Live: Apple event recap: Everything announced New AirPods for $179 New 16-inch MacBook Pro for $2,499 Disney delays Marvel movies Walmart Black Friday deals start Nov. 3 New Microsoft Office rollout

Uber's Travis Kalanick to make grand, Steve Jobs-like return?

Commentary: A report suggests the former Uber CEO is telling people he's just taking a time out.

 Technically Incorrect offers a slightly twisted take on the tech that's taken over our lives.

Does he intend to return to the top?

James Martin/CNET

When it comes to Uber, it's easy to believe many things.

The company has managed to translate a swashbuckling image into one awash with controversy.

The situation reached a peak in June, when powerful investors asked co-founder Travis Kalanick to step down as CEO

Of course, he hasn't gone very far. He still sits on Uber's board. And now Recode reports Kalanick has been telling people, including one candidate for his old job, that he's "Steve Jobs-ing it."

Should you be unfamiliar with this concept, it refers to former Apple CEO Steve Jobs, who was fired from that position, only to be rehired in 1996 through the acquisition of his new company NeXT.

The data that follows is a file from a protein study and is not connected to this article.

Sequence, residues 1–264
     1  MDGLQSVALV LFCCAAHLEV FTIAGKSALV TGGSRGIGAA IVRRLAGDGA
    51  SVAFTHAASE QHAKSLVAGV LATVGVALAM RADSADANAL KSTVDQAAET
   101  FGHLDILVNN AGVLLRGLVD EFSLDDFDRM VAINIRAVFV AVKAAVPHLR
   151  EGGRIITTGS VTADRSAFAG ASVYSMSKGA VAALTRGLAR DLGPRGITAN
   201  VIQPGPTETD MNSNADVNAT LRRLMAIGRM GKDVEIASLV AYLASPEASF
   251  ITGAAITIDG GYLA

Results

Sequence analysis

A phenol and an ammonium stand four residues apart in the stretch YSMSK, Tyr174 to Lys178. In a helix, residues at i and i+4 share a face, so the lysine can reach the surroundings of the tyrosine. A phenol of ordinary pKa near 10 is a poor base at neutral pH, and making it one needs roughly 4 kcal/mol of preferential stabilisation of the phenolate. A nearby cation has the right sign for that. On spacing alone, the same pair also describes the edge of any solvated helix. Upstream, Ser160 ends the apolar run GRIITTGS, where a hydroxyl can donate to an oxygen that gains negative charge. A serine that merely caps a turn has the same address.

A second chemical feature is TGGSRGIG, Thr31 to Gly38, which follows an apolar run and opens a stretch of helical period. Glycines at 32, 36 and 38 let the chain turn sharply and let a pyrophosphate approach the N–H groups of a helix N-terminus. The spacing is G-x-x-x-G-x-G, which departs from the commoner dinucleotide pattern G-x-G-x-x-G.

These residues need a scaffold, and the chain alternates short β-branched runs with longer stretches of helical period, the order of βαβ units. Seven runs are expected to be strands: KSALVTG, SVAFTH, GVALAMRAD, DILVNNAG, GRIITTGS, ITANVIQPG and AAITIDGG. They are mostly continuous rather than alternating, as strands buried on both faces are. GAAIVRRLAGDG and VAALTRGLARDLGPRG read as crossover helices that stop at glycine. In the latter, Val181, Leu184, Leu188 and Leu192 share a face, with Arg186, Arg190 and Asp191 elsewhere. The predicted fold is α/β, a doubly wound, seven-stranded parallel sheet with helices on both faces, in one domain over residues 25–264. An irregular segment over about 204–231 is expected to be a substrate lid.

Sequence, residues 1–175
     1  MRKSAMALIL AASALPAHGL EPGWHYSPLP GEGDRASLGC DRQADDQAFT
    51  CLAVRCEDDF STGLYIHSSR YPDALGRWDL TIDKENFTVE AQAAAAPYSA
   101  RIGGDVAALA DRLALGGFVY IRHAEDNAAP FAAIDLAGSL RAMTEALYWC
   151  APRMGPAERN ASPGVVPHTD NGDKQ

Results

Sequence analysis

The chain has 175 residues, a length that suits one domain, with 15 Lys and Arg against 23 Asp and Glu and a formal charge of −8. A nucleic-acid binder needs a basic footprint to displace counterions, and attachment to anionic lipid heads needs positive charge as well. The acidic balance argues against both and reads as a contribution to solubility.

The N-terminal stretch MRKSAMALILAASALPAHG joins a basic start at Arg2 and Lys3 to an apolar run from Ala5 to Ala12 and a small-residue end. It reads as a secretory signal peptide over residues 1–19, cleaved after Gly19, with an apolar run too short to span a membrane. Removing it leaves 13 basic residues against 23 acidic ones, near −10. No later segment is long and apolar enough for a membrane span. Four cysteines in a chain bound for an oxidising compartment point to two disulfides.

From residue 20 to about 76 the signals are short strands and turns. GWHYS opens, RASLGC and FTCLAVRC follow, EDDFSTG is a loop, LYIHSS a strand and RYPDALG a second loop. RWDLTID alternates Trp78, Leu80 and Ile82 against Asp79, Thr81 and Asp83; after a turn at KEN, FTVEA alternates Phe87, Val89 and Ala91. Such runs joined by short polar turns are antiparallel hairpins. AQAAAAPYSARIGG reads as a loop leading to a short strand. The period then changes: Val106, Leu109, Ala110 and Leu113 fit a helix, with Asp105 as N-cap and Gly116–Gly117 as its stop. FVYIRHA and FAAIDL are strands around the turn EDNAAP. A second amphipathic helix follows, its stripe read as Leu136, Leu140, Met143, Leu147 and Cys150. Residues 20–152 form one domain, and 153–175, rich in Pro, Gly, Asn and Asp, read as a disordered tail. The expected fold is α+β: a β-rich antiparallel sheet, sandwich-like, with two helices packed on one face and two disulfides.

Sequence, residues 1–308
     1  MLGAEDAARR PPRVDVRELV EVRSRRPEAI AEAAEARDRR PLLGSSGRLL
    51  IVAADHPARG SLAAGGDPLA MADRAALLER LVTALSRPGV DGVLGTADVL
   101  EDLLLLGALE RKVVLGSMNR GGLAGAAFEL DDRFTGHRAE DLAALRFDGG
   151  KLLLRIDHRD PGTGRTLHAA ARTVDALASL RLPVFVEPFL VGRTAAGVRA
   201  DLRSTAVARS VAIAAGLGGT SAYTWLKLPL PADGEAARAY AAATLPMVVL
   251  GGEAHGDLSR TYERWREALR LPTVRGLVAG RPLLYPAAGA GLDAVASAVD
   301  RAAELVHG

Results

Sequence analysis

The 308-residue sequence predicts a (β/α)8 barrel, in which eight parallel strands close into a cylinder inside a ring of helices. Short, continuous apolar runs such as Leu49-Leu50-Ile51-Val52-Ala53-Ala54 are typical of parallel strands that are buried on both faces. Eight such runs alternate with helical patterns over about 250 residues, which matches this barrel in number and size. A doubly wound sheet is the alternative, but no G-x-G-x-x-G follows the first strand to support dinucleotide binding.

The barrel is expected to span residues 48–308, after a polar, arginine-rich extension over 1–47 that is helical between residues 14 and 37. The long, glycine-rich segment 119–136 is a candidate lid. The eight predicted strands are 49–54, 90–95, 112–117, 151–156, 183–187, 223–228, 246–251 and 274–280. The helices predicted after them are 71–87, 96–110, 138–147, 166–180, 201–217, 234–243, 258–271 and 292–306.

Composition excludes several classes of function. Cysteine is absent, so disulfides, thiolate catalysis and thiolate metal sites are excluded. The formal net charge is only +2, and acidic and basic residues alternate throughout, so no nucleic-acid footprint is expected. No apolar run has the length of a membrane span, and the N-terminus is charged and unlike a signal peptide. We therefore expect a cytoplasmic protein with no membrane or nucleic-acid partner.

It was, of course, a glorious return. Which makes one wonder whether Kalanick imagines himself returning to some level of similar glory.

Uber didn't immediately respond to a request for comment. 

Despite changes in board membership and the hiring of Apple Music's Bozoma Saint John as the company's first chief brand officer, Uber appears to have no clear direction.

Currently, it's being run by a 14-person committee. The New York Times suggests the board is disunited, with some members being very keen to hire Meg Whitman, the CEO of Hewlett Packard Enterprise. (Whitman withdrew her name from consideration last week.)

Uber also appears to have a leak problem on par with the White House. And what remains unclear is how welcome Kalanick would be if he did manage to machinate his way back to power.

Under Kalanick, Uber's enormous problem with sexual harassment appeared to reach a peak. Yet when Kalanick lost the CEO slot, 1,000 employees were said to have signed a petition for him to be reinstated.

If you were a candidate to be Kalanick's replacement, why would you want the job if you weren't given some inkling as to how the boardroom shenanigans might shake out?

Perhaps the idea of a triumphant return is attractive to Kalanick. 

How, though, would he unite the company? And, in the meantime, how could anyone look at a new CEO as anything other than a stooge if that executive were hired with Kalanick's approval.

I fear that Uber will be sailing through rocky waters for some time yet. As well as having no CEO, the company still has no COO or CMO. It hasn't had a CFO for more than two years.

That's more than a little careless, even for Silicon Valley.